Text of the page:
Greg has told Tom that renting the shop with its current goodwill and great passing trade would be a dream come true – but he’ll want to make changes. For a start he’ll want to get rid of the darkroom and the film-based photography so loved b y Tom. Even in 2002, Greg knows that he’ll have to be ready for a digital world. Additionally he wants to use one room as a portrait studio, another as a gallery and a third as a video-editing suite. He wants to start selling digital cameras and accessories and will need to display and store them properly. Lots of shopfitting to finance then.

Today’s featured photograph is of Windleshaw Chantry in a section of St Helens Cemetery, reserved, in its time, for Roman Catholic burials. The Chantry Building predates the reign of King Henry VIII. I chose this image because it seems suitably spooky as we approach Halloween.

I took the shot using my old Pentax K-50 mounted on a tripod. I used a film vintage 35 mm f’2.4 prime lens at 35mm with an aperture of f/22, ISO 100 and shutter speed of half a second.

A new start

Today, I decided that Greg needed a girlfriend to tide him over until Katie becomes free at last to recognise his qualities as her one-and-only. Alison is a wedding planner. They meet at a wedding. Greg has never met a wedding planner before. He thought that she was a guest. They exchange business cards and arrange to meet for coffee. The meeting gives rise to a date, and soon she is helping him to photograph Katie’s staff doing the hairstyles for the upcoming competition.

Afterwards, before they leave, they sit and talk to Katie who is now five months pregnant. She asks them about their relationship. It’s going so well that they’d like to rent a house together but can’t really afford it. Katie has a brainwave. (I was struggling to help them until she did.) She and Geoff are living in the flat above the salon, but the flat won’t be big enough for them and the baby so they were waiting to move into a new house on an estate nearby. This means that the flat will be empty. They could rent it from her. The rent would help her and Geoff with their mortgage. (Serendipity or what!!)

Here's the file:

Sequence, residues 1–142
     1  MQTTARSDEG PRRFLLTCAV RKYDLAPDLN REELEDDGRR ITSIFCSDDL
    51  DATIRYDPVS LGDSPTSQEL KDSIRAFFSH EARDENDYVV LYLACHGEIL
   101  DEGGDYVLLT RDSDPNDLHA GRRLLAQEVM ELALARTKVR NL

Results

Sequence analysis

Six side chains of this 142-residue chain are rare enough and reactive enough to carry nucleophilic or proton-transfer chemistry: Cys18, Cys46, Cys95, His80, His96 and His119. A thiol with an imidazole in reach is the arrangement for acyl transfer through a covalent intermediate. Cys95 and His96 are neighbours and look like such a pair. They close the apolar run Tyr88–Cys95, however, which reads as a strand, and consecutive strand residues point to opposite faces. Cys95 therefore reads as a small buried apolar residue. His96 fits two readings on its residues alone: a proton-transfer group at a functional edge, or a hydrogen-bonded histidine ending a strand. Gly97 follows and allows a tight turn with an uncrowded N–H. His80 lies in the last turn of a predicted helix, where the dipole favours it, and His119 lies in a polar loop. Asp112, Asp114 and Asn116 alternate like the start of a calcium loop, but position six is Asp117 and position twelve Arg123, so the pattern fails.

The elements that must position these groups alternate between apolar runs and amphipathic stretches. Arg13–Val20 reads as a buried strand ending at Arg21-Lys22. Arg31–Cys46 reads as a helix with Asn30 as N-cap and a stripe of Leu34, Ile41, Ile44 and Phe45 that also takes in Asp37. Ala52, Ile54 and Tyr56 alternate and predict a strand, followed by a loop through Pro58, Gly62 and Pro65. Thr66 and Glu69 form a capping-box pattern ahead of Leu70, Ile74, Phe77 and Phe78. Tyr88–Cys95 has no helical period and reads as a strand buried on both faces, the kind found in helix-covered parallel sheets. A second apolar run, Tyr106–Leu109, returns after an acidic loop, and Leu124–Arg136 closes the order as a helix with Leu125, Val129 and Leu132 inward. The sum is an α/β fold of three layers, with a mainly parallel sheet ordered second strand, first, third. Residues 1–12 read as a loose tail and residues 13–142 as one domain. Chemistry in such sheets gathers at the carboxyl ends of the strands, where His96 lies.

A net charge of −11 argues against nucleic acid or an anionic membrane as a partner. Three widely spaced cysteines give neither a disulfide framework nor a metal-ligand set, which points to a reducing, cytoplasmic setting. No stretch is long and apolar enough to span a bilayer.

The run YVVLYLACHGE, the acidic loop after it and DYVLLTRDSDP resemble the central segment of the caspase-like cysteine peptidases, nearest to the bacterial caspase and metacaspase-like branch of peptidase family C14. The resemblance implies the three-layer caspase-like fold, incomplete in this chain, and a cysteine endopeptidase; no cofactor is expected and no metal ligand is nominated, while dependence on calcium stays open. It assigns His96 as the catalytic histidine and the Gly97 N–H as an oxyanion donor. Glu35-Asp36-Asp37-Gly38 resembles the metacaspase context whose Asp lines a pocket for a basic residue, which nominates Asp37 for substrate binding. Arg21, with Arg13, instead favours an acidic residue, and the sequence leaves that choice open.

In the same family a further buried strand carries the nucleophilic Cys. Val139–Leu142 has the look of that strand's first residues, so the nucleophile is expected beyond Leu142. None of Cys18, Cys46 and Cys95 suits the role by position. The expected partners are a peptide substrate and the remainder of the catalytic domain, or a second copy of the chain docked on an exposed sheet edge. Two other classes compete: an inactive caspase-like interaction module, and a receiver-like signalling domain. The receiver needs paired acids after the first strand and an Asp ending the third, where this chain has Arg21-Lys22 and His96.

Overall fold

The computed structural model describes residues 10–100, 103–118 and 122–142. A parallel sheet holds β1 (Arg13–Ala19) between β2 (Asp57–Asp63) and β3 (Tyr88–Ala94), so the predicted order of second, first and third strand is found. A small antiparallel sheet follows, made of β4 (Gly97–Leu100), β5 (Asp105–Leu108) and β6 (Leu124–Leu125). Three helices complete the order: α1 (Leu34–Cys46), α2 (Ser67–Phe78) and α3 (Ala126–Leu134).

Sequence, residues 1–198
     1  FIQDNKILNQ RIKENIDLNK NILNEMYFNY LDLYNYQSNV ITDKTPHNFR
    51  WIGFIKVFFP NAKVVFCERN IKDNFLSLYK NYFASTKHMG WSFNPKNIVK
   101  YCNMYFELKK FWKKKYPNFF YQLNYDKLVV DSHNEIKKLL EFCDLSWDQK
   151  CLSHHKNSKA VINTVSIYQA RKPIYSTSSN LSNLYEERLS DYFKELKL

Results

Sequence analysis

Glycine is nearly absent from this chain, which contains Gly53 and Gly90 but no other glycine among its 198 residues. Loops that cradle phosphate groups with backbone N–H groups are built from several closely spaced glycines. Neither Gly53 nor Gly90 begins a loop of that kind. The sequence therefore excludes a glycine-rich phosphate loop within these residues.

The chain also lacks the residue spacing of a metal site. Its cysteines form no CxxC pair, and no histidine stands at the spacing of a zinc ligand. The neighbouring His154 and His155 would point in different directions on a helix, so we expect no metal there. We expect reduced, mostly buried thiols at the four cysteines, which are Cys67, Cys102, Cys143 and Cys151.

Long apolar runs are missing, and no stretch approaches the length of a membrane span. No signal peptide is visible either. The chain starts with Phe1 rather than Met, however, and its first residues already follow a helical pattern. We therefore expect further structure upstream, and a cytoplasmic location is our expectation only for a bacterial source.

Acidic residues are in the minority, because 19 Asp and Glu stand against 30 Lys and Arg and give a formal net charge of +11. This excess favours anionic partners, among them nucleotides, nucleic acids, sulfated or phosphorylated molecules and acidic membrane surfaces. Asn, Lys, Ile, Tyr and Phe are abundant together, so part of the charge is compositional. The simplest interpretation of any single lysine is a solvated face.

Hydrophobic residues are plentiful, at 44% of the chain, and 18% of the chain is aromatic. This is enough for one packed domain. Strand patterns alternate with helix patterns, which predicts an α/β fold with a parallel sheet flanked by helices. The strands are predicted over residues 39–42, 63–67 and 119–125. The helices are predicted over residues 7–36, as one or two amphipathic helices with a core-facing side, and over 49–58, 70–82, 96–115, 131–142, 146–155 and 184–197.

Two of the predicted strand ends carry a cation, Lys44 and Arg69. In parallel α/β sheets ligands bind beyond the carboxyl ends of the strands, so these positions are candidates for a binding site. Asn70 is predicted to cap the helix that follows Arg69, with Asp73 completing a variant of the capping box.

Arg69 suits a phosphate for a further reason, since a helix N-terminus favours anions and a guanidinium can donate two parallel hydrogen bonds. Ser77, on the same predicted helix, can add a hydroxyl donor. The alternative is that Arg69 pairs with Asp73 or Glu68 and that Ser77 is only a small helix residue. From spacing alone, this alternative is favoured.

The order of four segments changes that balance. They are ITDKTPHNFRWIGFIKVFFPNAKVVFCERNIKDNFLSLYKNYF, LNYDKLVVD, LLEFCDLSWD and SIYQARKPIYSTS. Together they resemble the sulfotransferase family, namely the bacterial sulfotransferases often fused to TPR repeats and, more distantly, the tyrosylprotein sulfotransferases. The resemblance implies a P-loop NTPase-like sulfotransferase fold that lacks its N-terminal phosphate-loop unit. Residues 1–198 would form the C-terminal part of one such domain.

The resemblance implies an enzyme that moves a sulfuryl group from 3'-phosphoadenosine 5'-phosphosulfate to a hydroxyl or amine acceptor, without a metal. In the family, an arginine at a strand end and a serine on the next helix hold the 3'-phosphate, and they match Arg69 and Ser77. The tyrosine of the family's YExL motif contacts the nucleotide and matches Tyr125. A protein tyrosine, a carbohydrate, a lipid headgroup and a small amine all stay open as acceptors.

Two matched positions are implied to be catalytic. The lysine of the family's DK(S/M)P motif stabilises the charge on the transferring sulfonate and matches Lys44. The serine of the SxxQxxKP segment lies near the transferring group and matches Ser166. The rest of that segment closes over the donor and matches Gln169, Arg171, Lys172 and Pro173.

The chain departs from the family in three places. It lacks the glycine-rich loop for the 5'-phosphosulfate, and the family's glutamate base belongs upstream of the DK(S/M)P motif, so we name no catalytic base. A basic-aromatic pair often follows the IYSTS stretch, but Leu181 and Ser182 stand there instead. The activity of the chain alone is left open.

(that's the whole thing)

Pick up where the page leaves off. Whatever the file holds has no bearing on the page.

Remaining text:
In the meantime, the three of them, Greg, Alison and Katie have recognised the synergy of their businesses. They can cross-refer each other’s clients. Alison will get the early warning of a deal with a prospective bride and groom, she’ll recommend Greg and Katie as photographer and hairstylist respectively and everybody will be happy. Meanwhile Greg and Alison look as if they’ll be living happily ever after. What did John Lennon say about plans? ‘Life is what happens to you while you’re busy making other plans’ or something. Wait and see.

Today’s featured photograph is of the South Stack Lighthouse on Holy Island, off the North coast of Anglesey, North Wales, UK. I took this shot two years ago with my old Pentax K-50 16 MP crop sensor camera using its 18-55 mm f/3.5 to 5.6 kit lens at 18 mm and f/11. The ISO was 100 and the shutter speed 1/125 secs.

We’re off!

I’ve made a start writing Greg and Katie. I don’t mean the couple of chapters that I mentioned yesterday. I’ve decided that I didn’t like the structure I’d planned, so I started again, cannibalising bits of the original chapters and storing some others for later use.

After a brief prologue to establish the theme of wedding photography, Chapter One is a flashback to the childhood of the two main characters – Greg and Katie – in their days at junior school in the mid nineteen eighties. In this chapter we see how Greg is already developing an interest and skills in photography.

Chapter Two, set in 1990 when the two are now fifteen years old, sees them in Sunday School Bible Class with other teenagers discussing the Miners’ Strike. Greg now has a Saturday job in a Wedding Photography shop. Katie is looking forward to meeting her boyfriend Geoff after the class.

Chapter Three moves us rapidly on ten years or so after Greg has graduated and Katie now has her own hairdressing salon. Greg and Tom – Tom owns the Wedding Photography salon – photograph a wedding together. It’s the wedding of Katie and Geoff. During the course of the evening Greg and Katie have time for a chat.

Subsequently, Greg arranges to do some hairstyle photography at Katie’s salon as preliminary work for a hairstyling competition and asks Katie whether she’d model some clothing to help him break into product photography.

Quite a lot of progress today using the new structure – about another 2,500 words. I also enjoyed using Doctor Google to find out about product photography, hairstyling photography and food photography – well, you never know. As an amateur landscape photographer with no experience in any of the above fields, it was fascinating stuff.

Today’s featured photo is of the lake at the Cleveley Mere holiday resort in Lancashire. I took the shot early morning in February, 2017 using a Pentax K3ii 24 MP crop sensor camera coupled with a 16-85 mm 35-5.6 lens at26 mm and f/11. The shutter speed was 1/13 secs and the ISO 100.

Back to the Writing Blocks